My Favorite One-Liners: Part 94

In this series, I’m compiling some of the quips and one-liners that I’ll use with my students to hopefully make my lessons more memorable for them. Today’s edition isn’t a one-liner, but it’s still one of my favorites.

When constructing a mathematical model, sometimes certain simplifying assumptions have to be made… and sometimes these simplifications can be less than realistic. If a student complains about the unreasonableness of the simplifications, I’ll share the following story (taken from the book Absolute Zero Gravity).

Once upon a time, a group of investors decided that horse-racing could be made to pay on a scientific basis. So, they hired a team of biologists, a team of physicists, and a team of mathematicians to spend a year studying the question. At the end of the year, all three teams announced complete solutions. The investors decided to celebrate with a gala dinner where all three plans could be unveiled.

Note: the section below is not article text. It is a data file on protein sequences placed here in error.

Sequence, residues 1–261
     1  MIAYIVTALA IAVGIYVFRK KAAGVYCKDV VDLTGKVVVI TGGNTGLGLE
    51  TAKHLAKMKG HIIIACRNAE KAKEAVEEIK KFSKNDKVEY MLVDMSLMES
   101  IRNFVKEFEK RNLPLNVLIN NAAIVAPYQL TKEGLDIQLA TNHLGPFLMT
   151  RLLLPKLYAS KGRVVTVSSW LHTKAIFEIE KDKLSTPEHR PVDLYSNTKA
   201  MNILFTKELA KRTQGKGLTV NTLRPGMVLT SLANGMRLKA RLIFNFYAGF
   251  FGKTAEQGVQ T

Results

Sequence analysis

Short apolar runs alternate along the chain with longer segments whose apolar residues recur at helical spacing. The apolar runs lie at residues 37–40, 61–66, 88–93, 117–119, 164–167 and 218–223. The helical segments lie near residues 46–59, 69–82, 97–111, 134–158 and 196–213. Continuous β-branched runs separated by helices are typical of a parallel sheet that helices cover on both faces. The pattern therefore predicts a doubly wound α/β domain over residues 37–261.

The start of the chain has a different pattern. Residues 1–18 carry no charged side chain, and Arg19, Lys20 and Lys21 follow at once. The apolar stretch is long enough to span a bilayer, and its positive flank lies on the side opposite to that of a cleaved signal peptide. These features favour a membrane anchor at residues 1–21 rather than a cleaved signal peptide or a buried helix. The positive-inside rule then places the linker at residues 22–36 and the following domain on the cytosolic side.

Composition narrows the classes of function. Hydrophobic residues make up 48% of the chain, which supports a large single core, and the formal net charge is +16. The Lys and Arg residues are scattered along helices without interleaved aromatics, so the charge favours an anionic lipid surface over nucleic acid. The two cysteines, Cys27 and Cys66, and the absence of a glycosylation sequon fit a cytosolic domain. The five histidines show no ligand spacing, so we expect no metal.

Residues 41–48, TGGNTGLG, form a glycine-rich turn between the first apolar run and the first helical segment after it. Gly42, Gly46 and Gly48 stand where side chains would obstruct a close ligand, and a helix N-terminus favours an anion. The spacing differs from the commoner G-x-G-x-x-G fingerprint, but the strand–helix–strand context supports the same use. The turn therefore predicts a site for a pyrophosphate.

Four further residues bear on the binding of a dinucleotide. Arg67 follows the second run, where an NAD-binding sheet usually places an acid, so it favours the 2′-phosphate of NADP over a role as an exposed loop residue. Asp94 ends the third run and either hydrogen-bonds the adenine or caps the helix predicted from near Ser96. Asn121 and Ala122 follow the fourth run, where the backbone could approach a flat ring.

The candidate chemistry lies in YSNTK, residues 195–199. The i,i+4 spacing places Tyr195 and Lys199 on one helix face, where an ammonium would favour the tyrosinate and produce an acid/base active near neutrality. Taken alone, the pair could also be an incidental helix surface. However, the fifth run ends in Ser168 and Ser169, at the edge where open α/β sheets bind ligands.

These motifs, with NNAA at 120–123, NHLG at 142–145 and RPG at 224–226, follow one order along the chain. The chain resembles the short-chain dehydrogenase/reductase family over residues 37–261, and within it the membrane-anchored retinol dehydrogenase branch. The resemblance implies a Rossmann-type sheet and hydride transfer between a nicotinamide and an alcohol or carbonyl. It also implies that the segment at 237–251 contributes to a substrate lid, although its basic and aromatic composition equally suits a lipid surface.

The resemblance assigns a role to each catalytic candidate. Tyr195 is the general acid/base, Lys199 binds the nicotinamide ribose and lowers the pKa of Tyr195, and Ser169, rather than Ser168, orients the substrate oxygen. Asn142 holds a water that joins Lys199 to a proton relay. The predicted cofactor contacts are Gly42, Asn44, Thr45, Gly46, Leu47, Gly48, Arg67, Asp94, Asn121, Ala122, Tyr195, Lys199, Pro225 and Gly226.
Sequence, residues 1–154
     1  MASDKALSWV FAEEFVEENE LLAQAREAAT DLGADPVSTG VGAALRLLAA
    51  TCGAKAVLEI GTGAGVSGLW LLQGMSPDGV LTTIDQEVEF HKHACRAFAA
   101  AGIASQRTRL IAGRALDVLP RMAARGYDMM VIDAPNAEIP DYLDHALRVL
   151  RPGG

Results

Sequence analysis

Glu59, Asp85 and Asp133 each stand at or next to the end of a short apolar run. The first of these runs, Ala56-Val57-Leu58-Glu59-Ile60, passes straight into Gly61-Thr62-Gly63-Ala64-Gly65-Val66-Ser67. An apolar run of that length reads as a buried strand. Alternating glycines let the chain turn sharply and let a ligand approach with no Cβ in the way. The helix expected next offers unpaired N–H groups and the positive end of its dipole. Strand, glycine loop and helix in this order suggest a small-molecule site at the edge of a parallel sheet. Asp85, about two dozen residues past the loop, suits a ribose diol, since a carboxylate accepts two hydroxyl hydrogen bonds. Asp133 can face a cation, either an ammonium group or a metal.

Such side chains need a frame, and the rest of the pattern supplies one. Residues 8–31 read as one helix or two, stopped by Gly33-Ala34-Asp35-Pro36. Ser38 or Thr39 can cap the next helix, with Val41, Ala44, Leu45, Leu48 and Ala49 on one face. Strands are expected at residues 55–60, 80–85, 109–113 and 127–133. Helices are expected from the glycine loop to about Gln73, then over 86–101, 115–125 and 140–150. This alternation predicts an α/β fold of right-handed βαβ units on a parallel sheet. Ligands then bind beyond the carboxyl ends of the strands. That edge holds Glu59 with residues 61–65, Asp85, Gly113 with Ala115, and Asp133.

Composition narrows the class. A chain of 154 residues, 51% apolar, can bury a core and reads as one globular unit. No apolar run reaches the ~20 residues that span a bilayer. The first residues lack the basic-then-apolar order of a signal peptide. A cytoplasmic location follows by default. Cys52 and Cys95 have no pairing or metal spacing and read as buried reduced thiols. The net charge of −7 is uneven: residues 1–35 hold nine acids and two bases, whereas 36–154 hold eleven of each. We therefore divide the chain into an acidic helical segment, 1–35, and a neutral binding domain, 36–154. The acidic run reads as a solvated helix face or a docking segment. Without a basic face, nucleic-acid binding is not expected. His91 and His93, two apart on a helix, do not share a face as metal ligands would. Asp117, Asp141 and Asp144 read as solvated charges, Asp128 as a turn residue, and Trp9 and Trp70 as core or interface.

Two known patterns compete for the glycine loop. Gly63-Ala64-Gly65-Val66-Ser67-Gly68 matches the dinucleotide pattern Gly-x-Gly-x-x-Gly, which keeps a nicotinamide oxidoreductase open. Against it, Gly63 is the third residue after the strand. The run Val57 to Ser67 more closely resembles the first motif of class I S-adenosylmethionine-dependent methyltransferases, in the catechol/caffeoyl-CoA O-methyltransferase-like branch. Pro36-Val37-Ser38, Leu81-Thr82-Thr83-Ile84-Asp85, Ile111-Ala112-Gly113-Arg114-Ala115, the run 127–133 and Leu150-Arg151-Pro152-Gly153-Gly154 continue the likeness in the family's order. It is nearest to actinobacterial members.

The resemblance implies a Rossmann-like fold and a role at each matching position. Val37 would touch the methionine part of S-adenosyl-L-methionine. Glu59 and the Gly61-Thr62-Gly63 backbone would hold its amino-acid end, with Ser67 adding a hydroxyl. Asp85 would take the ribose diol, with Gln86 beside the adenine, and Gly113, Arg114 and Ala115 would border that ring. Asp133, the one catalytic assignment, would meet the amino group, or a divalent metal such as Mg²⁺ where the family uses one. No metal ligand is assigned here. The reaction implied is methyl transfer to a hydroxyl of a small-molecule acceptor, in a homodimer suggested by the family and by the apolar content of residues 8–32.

The mathematicians had the thickest report, so the chief mathematician was asked to give the first talk: “Ladies and gentlemen, you have nothing to worry about. Without describing the many details of
our proof, we can guarantee a solution to the problem you gave us — it turns out that every race is won by a least one horse. But we have been able to go beyond even this, and can show that the solution is unique: every race is won by no more than one horse!”

The biologists, who had spent the most money, went next. They were also able to show that the investors had nothing to worry about. By using the latest technology of genetic engineering, the biologists could easily set up a breeding program to produce an unbeatable racehorse, at a cost well below a million a year, in about two hundred years.

Now the investors’ hopes were riding on the physicists. The chief physicist also began by assuring them that their troubles were over. “We have perfected a method for predicting with 96 percent certainty the winner of any given race. The method is based on a very few simplifying assumptions. First, let each horse be a perfect rolling sphere… “

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